Hunters and anglers pay too little for licenses in Georgia, and the free licenses given to residents 65 and older are costing the state millions of dollars a year in federal grants and other revenue.
Those are two findings from a new state audit that gives a drubbing to the Wildlife Resources Division of the state Department of Natural Resources.
What’s wrong with the division? Here are 5 findings:
- It doesn’t have good estimates on the black bear population, even as hunting opportunities have been expanded in Central Georgia, near Warner Robbins. When hunting restrictions eased in 2011, the number of bears killed by hunters went from an average of one a year to a total of 66 between 2011 and 2015.
- The division hasn’t kept track of how many trees have been harvested on the lands it manages, so its timber inventory is likely inaccurate.
- WRD manages more than 100 wildlife management areas covering about 1 million acres, but when the audit began, it didn’t have an accurate and complete list of properties it manages.
- The division’s website doesn’t give the public such information as where bear hunting is permitted.
- It’s not clear how many prescribed burns were conducted in recent years or the number of acres burned, because of poor record-keeping.
The biggest consumer news in the audit may concern hunting and fishing fees. Those are consistently and substantially lower in Georgia than in Alabama, Florida, North Carolina, South Carolina and Tennessee, the audit found.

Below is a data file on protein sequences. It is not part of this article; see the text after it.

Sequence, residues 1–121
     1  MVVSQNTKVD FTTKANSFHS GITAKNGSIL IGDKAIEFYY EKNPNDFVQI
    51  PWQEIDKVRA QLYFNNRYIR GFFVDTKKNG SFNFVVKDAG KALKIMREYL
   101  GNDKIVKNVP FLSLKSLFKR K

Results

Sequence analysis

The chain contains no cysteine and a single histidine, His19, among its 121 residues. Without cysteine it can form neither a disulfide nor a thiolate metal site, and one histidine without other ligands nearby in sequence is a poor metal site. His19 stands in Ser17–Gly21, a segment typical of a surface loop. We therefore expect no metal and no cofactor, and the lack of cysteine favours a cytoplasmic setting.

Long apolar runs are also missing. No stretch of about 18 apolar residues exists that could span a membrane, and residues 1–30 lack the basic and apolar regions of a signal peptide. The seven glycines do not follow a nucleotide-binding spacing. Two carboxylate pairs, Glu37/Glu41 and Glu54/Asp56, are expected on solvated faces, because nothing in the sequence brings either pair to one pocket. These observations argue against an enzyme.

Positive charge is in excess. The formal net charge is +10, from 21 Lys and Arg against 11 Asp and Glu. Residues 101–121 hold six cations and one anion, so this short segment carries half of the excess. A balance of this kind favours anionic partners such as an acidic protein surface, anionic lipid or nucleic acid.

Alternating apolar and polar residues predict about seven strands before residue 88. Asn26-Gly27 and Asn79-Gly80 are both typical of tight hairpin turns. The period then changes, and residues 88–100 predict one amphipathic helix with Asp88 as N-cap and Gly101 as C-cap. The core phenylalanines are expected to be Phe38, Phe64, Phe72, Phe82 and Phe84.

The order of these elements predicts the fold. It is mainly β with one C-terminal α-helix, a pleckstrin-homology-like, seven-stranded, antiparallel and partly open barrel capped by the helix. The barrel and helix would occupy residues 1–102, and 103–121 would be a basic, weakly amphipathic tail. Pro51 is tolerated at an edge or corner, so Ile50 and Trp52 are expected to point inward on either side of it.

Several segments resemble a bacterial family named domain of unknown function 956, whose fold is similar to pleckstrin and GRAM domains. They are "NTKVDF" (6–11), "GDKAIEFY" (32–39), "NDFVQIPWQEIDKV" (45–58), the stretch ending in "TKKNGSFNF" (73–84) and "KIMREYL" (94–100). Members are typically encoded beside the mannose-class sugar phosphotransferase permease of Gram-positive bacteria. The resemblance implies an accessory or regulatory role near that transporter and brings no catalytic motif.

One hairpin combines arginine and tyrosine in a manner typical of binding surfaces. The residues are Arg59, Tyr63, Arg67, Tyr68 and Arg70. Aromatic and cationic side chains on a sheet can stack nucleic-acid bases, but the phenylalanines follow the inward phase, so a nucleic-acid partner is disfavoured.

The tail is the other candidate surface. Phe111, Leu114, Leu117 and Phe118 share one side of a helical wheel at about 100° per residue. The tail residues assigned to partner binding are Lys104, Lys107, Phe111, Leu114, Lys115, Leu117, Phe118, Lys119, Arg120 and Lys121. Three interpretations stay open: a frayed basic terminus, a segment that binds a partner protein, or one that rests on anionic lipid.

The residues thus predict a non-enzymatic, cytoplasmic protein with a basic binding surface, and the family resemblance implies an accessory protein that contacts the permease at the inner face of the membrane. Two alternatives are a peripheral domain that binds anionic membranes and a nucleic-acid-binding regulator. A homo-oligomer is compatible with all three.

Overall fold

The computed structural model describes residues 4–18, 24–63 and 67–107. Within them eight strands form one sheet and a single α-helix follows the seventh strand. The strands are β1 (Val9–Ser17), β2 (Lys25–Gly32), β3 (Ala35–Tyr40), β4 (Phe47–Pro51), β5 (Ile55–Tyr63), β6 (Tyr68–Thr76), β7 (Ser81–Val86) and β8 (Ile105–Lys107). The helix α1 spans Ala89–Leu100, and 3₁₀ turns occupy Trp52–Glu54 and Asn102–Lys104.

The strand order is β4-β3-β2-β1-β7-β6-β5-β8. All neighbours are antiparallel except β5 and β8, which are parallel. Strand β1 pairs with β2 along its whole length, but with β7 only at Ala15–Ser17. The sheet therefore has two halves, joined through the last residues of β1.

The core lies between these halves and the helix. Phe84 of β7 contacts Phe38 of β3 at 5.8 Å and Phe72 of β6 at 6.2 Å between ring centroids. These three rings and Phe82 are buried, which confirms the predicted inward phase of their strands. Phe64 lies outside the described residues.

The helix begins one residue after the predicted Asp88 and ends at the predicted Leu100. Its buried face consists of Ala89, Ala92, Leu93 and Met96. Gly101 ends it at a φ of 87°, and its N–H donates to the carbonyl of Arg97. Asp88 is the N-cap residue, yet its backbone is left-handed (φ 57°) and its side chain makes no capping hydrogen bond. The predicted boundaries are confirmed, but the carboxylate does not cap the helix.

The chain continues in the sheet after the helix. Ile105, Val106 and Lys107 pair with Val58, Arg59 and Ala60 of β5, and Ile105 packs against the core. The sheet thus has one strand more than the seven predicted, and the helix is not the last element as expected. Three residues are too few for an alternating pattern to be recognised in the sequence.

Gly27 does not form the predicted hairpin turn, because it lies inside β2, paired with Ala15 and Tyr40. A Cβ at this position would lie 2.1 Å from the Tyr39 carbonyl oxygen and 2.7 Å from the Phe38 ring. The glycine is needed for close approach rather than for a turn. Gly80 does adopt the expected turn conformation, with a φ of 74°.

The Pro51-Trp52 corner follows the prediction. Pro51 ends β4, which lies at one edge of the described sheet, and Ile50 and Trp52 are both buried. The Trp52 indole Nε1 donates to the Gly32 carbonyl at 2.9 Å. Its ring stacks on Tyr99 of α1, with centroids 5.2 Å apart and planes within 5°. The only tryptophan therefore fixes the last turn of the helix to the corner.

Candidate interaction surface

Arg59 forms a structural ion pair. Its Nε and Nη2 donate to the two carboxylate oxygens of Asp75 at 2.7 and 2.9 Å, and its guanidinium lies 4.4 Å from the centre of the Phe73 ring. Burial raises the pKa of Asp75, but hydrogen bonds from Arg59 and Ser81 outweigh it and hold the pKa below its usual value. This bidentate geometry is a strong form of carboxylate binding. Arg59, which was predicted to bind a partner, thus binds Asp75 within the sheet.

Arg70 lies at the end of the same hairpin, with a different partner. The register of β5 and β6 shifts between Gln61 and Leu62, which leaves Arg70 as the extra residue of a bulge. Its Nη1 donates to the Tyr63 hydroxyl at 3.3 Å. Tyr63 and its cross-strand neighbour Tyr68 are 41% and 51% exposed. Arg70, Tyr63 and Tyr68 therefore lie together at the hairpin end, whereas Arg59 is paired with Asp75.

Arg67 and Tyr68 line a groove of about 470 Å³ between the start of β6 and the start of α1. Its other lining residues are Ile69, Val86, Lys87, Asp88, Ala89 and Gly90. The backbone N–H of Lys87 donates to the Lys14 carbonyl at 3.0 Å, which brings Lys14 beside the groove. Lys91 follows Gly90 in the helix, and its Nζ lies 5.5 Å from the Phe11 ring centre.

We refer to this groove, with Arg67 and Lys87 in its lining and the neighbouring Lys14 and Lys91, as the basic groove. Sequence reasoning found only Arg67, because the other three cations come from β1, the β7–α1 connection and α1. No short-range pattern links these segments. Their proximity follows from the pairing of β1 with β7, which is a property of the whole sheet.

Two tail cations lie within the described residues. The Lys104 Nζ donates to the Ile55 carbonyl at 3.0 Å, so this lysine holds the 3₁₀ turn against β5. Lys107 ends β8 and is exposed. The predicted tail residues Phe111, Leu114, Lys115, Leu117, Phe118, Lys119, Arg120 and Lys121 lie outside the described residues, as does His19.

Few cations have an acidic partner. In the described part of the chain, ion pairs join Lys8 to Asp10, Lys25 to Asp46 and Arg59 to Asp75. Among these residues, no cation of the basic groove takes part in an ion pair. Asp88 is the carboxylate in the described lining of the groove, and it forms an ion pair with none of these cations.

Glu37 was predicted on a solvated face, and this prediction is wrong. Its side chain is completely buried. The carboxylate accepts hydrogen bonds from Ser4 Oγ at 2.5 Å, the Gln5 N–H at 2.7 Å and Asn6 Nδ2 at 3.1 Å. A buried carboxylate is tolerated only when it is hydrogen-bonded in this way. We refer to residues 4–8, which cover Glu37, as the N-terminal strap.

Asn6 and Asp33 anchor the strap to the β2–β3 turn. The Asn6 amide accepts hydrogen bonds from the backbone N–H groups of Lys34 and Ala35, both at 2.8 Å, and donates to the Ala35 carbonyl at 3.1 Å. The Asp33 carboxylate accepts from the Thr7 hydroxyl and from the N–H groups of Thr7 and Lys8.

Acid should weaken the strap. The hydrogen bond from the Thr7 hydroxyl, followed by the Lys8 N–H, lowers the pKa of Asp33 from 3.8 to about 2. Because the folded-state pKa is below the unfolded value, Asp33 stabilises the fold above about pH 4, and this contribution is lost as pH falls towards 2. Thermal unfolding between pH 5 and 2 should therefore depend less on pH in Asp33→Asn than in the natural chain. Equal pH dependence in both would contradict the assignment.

For example, licenses for trout fishing and bear hunting cost less than half the average among Southeastern states. Fees in Georgia haven’t increased since 1992. Auditors recommended that the General Assembly consider increasing them so the wildlife division can make improvements to its information systems and website.
That change could affect the 395,000 people who had paid hunting licenses in 2015 and the 646,000 with paid fishing licenses.
Another recommendation: consider charging nominal annual or lifetime fees for senior residents who want to hunt or fish.
Now, once Georgia residents are 65, there is no cost for licenses. But federal grant funds are apportioned based on a formula that includes paid licenses. Georgia could increase federal grant funds by $3 to $5 million a year if it charged a nominal lifetime fee of $55 for senior licenses. Another option would be a $5 annual license fee.